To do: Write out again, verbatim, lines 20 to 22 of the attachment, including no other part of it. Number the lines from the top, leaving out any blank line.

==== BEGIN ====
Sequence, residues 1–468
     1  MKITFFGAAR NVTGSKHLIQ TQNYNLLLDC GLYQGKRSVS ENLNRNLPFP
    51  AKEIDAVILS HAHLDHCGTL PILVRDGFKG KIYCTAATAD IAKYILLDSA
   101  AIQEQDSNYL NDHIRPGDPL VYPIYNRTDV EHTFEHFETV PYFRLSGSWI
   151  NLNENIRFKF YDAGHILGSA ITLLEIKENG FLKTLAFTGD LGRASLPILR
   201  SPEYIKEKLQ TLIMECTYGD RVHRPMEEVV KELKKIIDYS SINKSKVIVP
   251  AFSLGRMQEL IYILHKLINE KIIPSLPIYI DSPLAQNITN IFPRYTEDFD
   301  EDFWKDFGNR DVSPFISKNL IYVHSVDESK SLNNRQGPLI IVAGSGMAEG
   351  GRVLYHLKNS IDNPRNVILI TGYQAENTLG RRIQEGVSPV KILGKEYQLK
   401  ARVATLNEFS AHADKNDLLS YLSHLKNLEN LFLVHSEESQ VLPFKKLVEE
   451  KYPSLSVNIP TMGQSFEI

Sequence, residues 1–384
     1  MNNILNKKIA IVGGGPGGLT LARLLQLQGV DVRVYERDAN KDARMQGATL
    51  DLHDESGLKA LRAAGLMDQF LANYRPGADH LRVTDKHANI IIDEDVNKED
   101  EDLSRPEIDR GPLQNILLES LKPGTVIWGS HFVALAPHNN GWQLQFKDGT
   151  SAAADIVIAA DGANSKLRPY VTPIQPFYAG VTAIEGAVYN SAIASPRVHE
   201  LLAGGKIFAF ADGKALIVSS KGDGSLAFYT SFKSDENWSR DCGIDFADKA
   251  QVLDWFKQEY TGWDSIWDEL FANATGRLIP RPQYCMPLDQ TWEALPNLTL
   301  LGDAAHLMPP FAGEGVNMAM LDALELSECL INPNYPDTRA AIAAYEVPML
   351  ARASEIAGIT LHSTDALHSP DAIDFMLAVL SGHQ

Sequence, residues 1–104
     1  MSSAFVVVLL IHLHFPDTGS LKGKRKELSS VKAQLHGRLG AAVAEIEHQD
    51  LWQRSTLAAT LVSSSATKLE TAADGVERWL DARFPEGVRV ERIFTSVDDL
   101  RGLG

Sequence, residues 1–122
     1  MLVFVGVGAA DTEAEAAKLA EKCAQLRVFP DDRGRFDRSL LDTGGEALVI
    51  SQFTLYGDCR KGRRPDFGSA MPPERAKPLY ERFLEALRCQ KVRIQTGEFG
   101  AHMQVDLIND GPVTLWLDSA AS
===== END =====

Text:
   351  ARASEIAGIT LHSTDALHSP DAIDFMLAVL SGHQ

Sequence, residues 1–104
     1  MSSAFVVVLL IHLHFPDTGS LKGKRKELSS VKAQLHGRLG AAVAEIEHQD